San Francisco is notoriously devoid of high-end late-night dining options, but in a town known for excessive alcohol consumption and bar hopping, diners boast loads of booze-soaking options from which to choose. Great ones, in fact. And with that, here are our favorite diners in the city:

It's the only 24-hour diner in the Castro, and they do a pretty decent burger, as well as breakfast all night long -- we mostly recommend pancakes, or some scrambled eggs. (Also, Playboy once named it among the Top 10 Late-Night Diners in the country.) It's not where you go for a perfect milkshake or divine fries, but the well-greased food certainly does the trick at 3 a.m. after you've struck out at the sidewalk sale outside The Cafe -- or after you've already danced your embroidered-jeans ass off at Badlands, hooked up in someone's front hallway on Diamond Street, cleaned up, and gone out in search of a snack.

3991 - 17th Street (at Castro), SF, 415-864-9795


This Polk Gulch diner is so legendary in the seedy-turned-fratty 'hood that it's been commemorated in song not once but twice. They make a mean patty melt, but the best kept secret about this place is the whole Portuguese section of the menu, which is pretty unique in this city, and features delicious stuff like eggs with linguica and fries, and bacalhau a gomes de sa (salt cod with potatoes, onion, hard boiled eggs, parsley, and olives). Also, they're open until 4 a.m., and the scene in here after the bars close can be insane, but also totally hilarious.

1525 Pine (at Polk), SF, 415-673-8268

In the '80s and '90s we had Fog City Diner (which is now set to close and reopen as the less diner-inspired Fog City), but a more contemporary take on higher end food in a diner-like setting can now be found at this SoMa gem. The menu is American comfort food, both unpretentious but original in its interpretations, like poutine with pork belly and wild mushroom gravy, and fried chicken with mixed chicories, local honey, and coffee gravy. Added bonuses: A great, sloppy burger, and a mean brunch.

1198 Folsom (at Eighth Street), SF, 415-556-4901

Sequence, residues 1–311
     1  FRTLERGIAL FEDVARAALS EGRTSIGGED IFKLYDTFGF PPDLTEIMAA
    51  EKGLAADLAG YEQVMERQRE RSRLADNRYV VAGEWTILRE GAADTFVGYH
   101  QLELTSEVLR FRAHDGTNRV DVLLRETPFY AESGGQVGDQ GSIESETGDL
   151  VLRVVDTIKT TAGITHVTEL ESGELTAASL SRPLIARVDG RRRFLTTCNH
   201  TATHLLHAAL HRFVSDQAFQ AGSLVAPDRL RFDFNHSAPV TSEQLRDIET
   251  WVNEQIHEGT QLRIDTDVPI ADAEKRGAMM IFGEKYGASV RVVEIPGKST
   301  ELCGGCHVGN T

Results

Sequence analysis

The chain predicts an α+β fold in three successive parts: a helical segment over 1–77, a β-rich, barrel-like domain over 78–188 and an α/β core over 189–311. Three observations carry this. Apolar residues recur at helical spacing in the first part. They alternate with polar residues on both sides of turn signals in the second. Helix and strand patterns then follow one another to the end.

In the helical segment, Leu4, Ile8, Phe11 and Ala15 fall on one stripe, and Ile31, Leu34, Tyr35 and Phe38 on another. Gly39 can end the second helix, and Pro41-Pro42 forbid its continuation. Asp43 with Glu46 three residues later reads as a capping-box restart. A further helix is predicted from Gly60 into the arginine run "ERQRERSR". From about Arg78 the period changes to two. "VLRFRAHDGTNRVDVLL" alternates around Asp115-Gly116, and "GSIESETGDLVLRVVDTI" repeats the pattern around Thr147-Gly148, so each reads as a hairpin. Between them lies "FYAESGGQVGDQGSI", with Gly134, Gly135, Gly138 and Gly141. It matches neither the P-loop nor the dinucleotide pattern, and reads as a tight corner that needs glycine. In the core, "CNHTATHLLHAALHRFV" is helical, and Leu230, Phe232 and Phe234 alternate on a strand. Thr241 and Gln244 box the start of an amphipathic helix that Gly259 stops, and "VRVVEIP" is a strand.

While it may not be a 24-hour affair, Louis' boasts arguably the best scenic view of any greasy spoon on the planet. The diner has been perched on a cliff above the ruins of the Sutro Baths overlooking the Pacific Ocean for over three-quarters of a century, making it something of a national treasure as well. A recent revamp updated the menu with fair trade coffee, locally sourced breakfast meats and cage-free eggs for the omelets while still keeping all of its family-run, "more coffee, hun?" charm. Louis' is an only-in-San Francisco spot that we hope sticks around for decades to come.

902 Point Lobos Ave (between Merrie Way & Upper Great Hwy), SF, 415-387-6330

At the intersection of Masonic Ave and Geary Boulevard, the Lucky Penny feels like a roadside pitstop on an urban highway out to the ocean. Like spotting a diner on a desolate stretch of highway, the fact that there is actually some place open to eat is more important than the food itself, which serves its purpose of lining your stomach with a thin layer of bacon fat at an odd hour of the night. That and the Wi-Fi is free, in case you need to grease your keyboard with a plate of hashbrowns at 4 a.m.

2670 Geary (at Masonic), SF, 415-921-0836

Sparky's 24 Hour Diner (photo: Tha_Sco)

Sure, it's not the best place for food. Cantankerous reviewers on Yelp can tell you that much. But it is one of the top spots in the city to hit after the clubs close in the Castro. After 2 a.m, one can see the drunken/high masses munching on french toast, chocolate shakes, cheese fries, and burgers. It's a scene to be seen in after bars close. Also of note? It's one of the few 24-hour diners left in the city. No longer 24 hours! However, it is open until the wee hours: Mon - Fri: 5pm - 4am. Sat & Sun: 11am - 4am.

242 Church (at Market), SF, 415-626-8666

Joe's Cable Car Restaurant (photo: sfistrita)

This Excelsior standby has been around since 1965, and its menu reflects that old-school diner ethos. With classics like grilled cheese, fish and chips, corn dogs and milkshakes, Joe's spot at Mission and Silver Avenue delivers on diner essentials, but the real draw is the ground ribeye and chuck steaks that Joe grinds fresh daily. Choose between 16 variations on the 4-, 6- and 8-ounce ground steak (like the patty melt fresh ground beef steak with cheese on rye) and top it all off with a slice of carrot cake. Just remember that Joe's closes at 10 p.m., so plan ahead for late-night cravings.

4320 Mission (at Silver Avenue), SF, 415-334-6699

Chicken sandwich at Pinecrest Diner (photo: Augustine Y./Yelp)

Classic old-school diner that prepares food the San Francisco way: slightly greasy with an organic flair. This Union Square staple serves up astounding patty melts and grilled cheese, but the highlight here is breakfast. Choice crispy hasbrowns, fluffy eggs, and bacon cooked crisp (such a rarity at many diners) will have you ready to take on shopping at nearby department stores. Speaking of eggs, the diner played host to a grizzly murder in the '90s. The diner manager told the cook not to prepare the poached eggs a patron had ordered. The next day, the cook shot the manager to death. The two had worked together for twenty years. (Read all about the notorious crime here.)

401 Geary (at Mason), SF, 415-885-6407

Andrew Dalton, Jay Barmann, and Rose Garrett also contributed.

Photo: Grubstake